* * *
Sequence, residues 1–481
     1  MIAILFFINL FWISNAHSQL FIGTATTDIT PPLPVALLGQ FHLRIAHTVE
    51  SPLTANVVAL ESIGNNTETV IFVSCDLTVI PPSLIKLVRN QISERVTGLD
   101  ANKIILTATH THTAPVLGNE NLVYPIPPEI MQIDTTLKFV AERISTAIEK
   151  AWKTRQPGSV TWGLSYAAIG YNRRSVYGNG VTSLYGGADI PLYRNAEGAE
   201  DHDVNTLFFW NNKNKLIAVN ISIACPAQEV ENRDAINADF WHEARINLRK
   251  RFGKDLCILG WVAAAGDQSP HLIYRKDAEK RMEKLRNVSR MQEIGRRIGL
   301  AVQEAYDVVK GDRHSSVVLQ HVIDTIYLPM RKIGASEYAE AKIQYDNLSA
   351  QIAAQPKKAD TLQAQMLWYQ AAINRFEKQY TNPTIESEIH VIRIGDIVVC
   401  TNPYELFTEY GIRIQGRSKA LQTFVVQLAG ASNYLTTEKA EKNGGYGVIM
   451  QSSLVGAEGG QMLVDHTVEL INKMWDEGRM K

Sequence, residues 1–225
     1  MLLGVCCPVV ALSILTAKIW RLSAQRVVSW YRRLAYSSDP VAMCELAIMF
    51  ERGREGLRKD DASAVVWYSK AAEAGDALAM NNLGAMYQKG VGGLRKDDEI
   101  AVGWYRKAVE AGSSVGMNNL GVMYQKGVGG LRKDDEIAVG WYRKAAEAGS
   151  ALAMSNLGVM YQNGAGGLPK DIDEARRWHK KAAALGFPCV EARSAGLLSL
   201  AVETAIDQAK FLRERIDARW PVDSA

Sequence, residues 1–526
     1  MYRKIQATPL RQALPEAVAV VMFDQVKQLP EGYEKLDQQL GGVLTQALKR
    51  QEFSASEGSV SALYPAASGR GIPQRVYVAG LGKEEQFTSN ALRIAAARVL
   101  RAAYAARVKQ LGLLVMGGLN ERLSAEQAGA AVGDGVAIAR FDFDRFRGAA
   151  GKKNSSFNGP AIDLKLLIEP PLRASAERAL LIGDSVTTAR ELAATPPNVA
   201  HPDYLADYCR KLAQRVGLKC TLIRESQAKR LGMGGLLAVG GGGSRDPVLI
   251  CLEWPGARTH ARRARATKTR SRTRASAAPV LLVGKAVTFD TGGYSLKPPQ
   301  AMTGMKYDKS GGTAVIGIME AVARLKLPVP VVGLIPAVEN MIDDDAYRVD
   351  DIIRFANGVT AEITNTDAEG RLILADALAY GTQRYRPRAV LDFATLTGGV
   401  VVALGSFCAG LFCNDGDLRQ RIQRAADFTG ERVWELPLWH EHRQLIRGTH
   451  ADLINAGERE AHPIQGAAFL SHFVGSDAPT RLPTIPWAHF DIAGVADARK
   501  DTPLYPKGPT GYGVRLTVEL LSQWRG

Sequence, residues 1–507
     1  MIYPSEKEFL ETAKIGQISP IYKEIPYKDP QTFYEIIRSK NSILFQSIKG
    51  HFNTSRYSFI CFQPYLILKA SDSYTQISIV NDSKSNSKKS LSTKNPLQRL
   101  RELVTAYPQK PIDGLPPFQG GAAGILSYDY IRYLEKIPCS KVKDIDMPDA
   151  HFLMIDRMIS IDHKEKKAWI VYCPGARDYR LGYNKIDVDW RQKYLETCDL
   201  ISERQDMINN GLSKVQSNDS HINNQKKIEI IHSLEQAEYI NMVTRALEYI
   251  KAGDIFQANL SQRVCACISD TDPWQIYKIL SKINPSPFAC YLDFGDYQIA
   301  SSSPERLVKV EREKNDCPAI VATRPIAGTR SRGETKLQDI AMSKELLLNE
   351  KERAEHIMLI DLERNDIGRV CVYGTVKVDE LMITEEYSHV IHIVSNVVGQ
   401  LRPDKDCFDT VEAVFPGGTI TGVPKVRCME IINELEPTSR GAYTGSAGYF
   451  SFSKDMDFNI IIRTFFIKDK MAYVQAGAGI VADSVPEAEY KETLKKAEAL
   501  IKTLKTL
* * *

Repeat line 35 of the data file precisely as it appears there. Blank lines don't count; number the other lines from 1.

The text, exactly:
   201  ISERQDMINN GLSKVQSNDS HINNQKKIEI IHSLEQAEYI NMVTRALEYI